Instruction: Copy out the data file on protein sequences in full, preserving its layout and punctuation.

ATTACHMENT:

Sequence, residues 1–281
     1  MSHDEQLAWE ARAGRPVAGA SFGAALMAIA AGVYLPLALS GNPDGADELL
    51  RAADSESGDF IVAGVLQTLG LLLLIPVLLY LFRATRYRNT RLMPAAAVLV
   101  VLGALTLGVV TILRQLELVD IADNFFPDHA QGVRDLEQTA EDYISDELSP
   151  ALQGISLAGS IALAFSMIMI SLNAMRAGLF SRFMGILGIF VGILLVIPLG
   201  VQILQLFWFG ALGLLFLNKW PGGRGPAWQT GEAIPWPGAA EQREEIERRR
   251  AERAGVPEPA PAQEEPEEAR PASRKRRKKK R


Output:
Sequence, residues 1–281
     1  MSHDEQLAWE ARAGRPVAGA SFGAALMAIA AGVYLPLALS GNPDGADELL
    51  RAADSESGDF IVAGVLQTLG LLLLIPVLLY LFRATRYRNT RLMPAAAVLV
   101  VLGALTLGVV TILRQLELVD IADNFFPDHA QGVRDLEQTA EDYISDELSP
   151  ALQGISLAGS IALAFSMIMI SLNAMRAGLF SRFMGILGIF VGILLVIPLG
   201  VQILQLFWFG ALGLLFLNKW PGGRGPAWQT GEAIPWPGAA EQREEIERRR
   251  AERAGVPEPA PAQEEPEEAR PASRKRRKKK R